No matter how much you love Trader Joe’s, don’t forget your favorite destination for organic Cheetos is still a business at the end of the day. As we all try to navigate this complicated lifestyle of health and wellness, it’s important to recognize that even the grocery store is organized to influence your mindset and buying decisions.
Many of our favorite groceries share similar floor plans and shelf-layouts to create a sense of security and familiarity with you as the shopper. We are typically funneled through a one-way entrance that flows in a counter-clockwise direction to guide right-handed shoppers. Through that flow path, we’re often met with bright colors and fresh smells that stimulate hunger, cravings, and emotional response to spontaneous purchases.
Groceries also utilize many different methods to highlight products with shelf placement. Branded, best-selling and more expensive products are typically found at eye level. On the other hand the cheaper and generic products are hidden on more inconspicuous shelf levels.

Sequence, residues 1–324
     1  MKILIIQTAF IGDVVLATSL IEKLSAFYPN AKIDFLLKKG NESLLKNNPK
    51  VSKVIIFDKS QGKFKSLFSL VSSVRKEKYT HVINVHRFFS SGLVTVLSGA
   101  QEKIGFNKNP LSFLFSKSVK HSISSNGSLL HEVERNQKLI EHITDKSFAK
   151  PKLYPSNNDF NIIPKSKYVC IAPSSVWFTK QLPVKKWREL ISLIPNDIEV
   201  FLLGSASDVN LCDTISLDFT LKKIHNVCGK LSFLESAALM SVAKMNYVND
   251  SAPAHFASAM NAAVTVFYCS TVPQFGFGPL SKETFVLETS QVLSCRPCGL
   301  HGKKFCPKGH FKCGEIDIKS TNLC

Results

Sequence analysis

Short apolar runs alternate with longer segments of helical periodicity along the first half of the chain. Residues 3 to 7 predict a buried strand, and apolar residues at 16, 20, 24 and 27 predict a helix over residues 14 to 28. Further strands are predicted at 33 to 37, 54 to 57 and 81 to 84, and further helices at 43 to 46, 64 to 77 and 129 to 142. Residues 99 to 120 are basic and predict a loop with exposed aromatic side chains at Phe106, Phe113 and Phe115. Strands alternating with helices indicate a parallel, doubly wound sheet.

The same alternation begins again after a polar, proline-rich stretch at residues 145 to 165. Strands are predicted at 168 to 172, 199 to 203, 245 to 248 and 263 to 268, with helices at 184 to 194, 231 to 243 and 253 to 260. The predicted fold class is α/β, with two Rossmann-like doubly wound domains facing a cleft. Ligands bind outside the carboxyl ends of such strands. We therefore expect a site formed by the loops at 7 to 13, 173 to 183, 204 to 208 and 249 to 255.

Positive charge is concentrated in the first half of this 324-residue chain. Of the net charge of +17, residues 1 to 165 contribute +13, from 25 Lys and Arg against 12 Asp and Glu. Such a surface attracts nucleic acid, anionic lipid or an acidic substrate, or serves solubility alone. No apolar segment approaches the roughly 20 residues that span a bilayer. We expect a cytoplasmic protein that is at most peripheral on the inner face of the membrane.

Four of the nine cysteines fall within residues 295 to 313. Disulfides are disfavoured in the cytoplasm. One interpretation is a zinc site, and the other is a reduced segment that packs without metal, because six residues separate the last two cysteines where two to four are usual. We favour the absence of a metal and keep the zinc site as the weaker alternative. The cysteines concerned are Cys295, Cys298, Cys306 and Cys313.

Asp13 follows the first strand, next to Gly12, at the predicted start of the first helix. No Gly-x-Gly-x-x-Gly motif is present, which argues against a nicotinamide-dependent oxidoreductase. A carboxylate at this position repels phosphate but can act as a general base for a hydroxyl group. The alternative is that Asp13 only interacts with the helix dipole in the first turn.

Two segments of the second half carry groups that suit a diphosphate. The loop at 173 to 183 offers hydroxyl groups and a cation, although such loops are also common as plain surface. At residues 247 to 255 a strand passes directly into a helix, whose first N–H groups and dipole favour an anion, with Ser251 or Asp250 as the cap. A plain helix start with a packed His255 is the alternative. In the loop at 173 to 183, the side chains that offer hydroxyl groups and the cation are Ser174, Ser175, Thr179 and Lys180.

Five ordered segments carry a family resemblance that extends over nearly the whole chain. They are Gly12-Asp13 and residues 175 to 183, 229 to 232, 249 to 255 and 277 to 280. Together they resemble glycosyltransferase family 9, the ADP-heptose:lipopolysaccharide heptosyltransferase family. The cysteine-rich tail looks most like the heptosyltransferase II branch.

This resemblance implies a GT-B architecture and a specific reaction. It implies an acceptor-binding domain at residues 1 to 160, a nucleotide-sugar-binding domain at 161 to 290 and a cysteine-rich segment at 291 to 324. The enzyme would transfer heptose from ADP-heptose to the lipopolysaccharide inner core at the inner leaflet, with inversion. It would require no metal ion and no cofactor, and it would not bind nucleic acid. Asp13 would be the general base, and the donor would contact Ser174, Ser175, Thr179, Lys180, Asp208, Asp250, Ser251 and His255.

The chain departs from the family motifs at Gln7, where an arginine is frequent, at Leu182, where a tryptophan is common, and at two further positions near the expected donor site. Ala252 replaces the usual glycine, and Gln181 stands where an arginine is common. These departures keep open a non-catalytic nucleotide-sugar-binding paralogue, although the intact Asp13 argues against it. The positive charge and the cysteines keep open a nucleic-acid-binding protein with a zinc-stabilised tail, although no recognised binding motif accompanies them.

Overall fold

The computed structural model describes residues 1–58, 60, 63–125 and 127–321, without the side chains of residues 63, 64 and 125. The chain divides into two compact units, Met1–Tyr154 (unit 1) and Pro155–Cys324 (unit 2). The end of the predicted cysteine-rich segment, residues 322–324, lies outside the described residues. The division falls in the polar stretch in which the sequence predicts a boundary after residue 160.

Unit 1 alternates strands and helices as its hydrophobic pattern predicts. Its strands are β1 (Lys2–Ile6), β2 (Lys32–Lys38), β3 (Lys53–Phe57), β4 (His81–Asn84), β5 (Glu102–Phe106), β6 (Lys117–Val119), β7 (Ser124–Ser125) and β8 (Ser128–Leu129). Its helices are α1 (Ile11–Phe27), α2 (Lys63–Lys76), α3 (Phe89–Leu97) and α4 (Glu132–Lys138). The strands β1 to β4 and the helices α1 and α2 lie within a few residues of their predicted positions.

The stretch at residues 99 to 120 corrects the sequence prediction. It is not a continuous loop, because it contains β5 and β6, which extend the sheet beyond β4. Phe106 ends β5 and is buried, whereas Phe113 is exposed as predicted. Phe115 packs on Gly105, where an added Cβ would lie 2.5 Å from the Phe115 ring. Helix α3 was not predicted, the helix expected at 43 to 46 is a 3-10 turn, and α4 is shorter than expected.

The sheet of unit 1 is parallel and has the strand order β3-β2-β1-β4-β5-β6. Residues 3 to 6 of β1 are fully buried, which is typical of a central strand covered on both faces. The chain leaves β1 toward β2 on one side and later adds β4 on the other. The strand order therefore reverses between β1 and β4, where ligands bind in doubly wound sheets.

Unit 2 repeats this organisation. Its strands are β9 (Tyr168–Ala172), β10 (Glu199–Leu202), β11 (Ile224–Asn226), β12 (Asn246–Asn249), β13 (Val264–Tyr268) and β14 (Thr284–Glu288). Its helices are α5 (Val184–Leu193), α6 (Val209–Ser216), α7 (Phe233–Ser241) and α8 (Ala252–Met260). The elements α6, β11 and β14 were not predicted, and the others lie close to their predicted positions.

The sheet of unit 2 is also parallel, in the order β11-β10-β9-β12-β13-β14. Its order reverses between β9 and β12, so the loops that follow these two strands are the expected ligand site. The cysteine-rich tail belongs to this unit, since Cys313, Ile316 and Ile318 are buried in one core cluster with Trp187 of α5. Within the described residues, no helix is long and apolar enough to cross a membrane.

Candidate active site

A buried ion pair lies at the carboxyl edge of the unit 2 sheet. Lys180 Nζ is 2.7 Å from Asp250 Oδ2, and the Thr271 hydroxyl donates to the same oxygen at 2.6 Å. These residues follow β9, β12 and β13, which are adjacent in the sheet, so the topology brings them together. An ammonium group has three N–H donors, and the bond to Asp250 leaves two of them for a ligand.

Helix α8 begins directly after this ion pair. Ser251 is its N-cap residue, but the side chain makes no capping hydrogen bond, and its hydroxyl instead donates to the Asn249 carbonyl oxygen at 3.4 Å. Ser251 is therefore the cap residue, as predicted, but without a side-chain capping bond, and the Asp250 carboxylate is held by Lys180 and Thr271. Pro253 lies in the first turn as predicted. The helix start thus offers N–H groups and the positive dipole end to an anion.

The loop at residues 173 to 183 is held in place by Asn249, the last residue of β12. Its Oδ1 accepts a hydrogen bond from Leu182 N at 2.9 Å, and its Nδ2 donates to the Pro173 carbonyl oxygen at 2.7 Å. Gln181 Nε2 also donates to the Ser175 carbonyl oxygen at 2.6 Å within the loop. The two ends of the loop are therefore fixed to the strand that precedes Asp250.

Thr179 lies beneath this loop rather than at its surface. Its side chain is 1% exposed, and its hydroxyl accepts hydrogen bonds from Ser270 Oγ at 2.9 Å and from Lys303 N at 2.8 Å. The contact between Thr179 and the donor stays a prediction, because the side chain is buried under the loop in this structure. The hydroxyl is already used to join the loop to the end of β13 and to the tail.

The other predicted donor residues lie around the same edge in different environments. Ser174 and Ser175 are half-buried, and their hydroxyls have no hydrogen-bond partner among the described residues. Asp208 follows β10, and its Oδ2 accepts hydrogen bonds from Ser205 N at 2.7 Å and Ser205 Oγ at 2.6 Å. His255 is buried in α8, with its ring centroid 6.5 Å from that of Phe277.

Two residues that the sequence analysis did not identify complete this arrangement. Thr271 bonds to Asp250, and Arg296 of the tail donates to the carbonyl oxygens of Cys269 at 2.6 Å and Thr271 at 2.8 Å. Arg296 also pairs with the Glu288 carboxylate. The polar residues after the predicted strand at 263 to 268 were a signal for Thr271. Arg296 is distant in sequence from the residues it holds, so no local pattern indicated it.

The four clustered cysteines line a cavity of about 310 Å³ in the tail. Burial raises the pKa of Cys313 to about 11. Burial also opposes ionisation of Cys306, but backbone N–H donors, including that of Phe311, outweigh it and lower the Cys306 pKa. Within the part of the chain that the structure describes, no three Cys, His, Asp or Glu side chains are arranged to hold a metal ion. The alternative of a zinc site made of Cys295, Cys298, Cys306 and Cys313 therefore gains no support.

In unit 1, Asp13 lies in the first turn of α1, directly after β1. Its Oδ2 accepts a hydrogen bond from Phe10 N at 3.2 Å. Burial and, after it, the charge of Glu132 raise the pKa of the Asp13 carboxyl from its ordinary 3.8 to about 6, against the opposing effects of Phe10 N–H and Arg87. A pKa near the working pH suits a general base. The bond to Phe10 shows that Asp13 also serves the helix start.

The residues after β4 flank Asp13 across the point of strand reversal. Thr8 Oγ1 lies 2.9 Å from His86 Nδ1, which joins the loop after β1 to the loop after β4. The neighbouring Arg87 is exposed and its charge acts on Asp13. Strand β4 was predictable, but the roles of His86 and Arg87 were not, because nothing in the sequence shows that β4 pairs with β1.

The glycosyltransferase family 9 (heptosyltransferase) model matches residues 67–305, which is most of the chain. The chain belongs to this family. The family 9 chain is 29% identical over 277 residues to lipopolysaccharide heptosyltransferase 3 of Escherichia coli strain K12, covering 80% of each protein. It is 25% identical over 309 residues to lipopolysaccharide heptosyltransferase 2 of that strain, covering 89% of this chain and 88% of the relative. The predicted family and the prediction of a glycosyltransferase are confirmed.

Handwritten signs and “left-digit” labeling tactics (like marking a product as ($9.99 versus $10.00) are a few ways that groceries can get you roped into spending more. Always be sure to compare the price per unit (usually found on the shelf sticker) and ingredient labels before filling up your cart and thinking you scored a bargain.
Also, be mindful of the narrow check-out lanes that are lined with overpriced treats in single-serving sizes. The smaller size candy bars make you feel less guilty and more impulsive about the quick purchase.
Here are a few things to focus on during your next visit to the grocery:
- Don’t shop when you’re hungry — hunger will affect your decision-making process when it comes to food; you’ll be much more likely to leave with a few extra goodies
- Have a plan — come into the store with a grocery list and stick to it
- Look above and below before swiping anything from the shelves
- Search for the generic alternative to a brand-name product; compare both the price per unit and ingredient list before spending extra money; stores like Walmart and Kroger often produce cheaper in-house versions of the same food
- Shop on the edges; most of the fresh, healthy, and unprocessed food is located on the outer ring of the grocery store
- Use the express checkout lanes to avoid temptation in the isles